IAB Europe's Consent Framework Violates Privacy Law, Regulator Says

A European privacy regulator has sided against the Interactive Advertising Bureau Europe in a dispute over its “transparency and consent” framework, which aims to offer companies a mechanism to comply with Europe's broad privacy law.

The Belgian Data Protection Authority stated that the transparency and consent framework “fails to comply with a number of provisions” of the General Data Protection Regulation.

The agency fined IAB Europe around $208,000 and gave the organization two months to present a plan to bring the framework into compliance, and another four months to revise the framework.

The transparency and consent framework is intended to serve as a standardized technology for notifying consumers about data collection, obtaining their consent, and informing online ad companies about consumers' decisions.

The Belgian regulator found fault with the framework for several reasons, including that it obtains consent through a pop-up notice that doesn't give people enough information.



“The information provided to users through the [consent management platform] interface is too generic and vague to allow users to understand the nature and scope of the processing,” the agency stated. “Therefore it is difficult for users to maintain control over their personal data.”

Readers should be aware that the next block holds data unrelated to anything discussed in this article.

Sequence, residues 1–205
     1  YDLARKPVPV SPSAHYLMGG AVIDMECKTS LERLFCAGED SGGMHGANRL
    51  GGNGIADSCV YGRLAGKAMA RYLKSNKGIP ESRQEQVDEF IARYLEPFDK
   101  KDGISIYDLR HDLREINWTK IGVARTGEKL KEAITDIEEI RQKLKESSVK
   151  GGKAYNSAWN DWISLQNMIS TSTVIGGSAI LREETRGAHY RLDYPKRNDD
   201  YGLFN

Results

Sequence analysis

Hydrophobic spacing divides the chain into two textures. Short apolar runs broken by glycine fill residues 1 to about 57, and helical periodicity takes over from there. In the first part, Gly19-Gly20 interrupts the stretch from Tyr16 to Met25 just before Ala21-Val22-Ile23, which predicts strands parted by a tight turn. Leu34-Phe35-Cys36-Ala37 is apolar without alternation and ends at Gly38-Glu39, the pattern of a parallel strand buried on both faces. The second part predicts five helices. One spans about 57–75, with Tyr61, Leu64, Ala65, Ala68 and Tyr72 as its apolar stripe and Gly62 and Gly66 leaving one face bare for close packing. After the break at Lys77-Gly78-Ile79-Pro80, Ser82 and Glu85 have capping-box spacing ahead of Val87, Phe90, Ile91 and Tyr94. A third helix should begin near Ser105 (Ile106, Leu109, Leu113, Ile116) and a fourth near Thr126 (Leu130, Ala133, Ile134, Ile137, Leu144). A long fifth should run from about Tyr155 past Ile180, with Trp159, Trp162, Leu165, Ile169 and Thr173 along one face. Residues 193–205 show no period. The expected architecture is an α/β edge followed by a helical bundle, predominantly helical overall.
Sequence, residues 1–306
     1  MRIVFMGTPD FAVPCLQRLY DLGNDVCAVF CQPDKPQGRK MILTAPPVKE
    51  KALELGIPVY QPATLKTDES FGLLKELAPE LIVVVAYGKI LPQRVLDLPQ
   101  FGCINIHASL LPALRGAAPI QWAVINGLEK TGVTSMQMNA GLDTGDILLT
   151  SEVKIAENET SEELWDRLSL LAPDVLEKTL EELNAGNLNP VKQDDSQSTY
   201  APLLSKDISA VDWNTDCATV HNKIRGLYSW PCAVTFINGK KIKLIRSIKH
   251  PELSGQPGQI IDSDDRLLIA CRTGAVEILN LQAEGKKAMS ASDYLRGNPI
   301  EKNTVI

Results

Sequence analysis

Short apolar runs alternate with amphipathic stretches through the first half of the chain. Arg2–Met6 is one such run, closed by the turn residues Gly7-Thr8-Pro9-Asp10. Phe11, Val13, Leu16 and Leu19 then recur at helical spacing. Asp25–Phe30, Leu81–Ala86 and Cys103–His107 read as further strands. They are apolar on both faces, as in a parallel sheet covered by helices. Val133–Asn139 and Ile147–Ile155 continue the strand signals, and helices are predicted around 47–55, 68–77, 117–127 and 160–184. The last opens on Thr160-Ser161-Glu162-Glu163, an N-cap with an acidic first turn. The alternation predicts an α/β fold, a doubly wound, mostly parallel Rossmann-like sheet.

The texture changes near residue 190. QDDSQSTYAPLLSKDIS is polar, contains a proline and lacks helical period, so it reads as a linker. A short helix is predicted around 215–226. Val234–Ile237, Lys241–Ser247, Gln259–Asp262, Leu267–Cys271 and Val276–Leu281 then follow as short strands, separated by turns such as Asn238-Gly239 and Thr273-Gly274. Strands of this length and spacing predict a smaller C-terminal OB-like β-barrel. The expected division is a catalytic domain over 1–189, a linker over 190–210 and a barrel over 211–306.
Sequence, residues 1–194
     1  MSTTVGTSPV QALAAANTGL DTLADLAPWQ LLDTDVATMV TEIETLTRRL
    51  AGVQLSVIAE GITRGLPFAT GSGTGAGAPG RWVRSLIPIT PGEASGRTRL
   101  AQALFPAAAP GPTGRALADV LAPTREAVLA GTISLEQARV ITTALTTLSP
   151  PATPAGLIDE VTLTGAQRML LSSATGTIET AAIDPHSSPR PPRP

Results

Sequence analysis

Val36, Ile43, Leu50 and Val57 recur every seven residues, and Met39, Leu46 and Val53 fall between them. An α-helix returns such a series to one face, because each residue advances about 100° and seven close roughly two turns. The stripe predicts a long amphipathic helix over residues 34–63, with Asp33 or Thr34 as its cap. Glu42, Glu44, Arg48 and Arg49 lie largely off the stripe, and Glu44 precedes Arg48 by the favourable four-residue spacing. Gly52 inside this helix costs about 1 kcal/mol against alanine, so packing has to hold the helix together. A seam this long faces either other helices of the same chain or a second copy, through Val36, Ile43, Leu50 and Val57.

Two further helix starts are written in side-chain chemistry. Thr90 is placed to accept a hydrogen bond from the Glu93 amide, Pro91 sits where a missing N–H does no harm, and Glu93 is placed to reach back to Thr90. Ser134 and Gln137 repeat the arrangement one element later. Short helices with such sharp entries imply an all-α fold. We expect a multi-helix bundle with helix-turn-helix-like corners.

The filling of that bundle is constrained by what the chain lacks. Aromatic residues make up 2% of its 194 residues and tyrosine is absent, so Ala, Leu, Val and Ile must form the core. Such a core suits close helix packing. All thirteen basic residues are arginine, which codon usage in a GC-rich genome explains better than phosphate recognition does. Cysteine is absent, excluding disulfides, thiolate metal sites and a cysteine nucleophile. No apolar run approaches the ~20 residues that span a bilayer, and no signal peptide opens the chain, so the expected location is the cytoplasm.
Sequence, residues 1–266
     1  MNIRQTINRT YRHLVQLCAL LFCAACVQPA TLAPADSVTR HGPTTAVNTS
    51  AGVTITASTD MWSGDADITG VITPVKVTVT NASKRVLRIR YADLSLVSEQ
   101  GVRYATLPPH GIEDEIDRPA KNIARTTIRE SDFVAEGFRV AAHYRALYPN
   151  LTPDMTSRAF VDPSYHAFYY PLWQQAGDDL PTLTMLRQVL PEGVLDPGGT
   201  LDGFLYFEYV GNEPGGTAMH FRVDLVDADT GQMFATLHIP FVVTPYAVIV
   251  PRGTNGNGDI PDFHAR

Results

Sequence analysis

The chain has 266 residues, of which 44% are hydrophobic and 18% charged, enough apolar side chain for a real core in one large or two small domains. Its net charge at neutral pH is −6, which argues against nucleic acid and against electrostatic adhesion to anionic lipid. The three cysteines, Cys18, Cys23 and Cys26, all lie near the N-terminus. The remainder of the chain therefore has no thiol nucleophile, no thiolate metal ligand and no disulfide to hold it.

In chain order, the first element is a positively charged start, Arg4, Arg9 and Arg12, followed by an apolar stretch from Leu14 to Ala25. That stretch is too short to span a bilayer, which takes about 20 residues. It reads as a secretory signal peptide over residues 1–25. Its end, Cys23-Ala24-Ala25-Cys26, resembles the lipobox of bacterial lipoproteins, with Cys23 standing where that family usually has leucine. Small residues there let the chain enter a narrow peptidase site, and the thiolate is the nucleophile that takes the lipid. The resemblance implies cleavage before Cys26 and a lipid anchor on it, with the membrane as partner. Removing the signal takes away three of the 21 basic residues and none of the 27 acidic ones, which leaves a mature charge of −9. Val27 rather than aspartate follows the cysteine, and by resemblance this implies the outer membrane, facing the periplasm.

The agency also said IAB Europe was itself a “data controller” -- and therefore subject to the same privacy requirements as other data controllers.

“IAB Europe is acting as a data controller with respect to the registration of individual users’ consent signal, objections and preferences by means of a unique Transparency and Consent (TC) String, which is linked to an identifiable user,” the regulator said. “This means that IAB Europe can be held responsible for possible violations of the GDPR.”

The decision, issued Wednesday, stems from numerous complaints by privacy advocates, including the Irish Council for Civil Liberties.

Johnny Ryan, senior fellow at the Irish Council for Civil Liberties, previously called the “transparency and consent” framework “a fake consent system that spammed everyone, every day, and served no purpose other than to give a thin legal cover to the massive data breach in at the heart of online advertising.”

The IAB Europe stated Tuesday that the “purported infringements” are capable of being remedied in six months.

The group added that it rejects the finding that it's a “data controller” and is “considering all options with respect to a legal challenge.”

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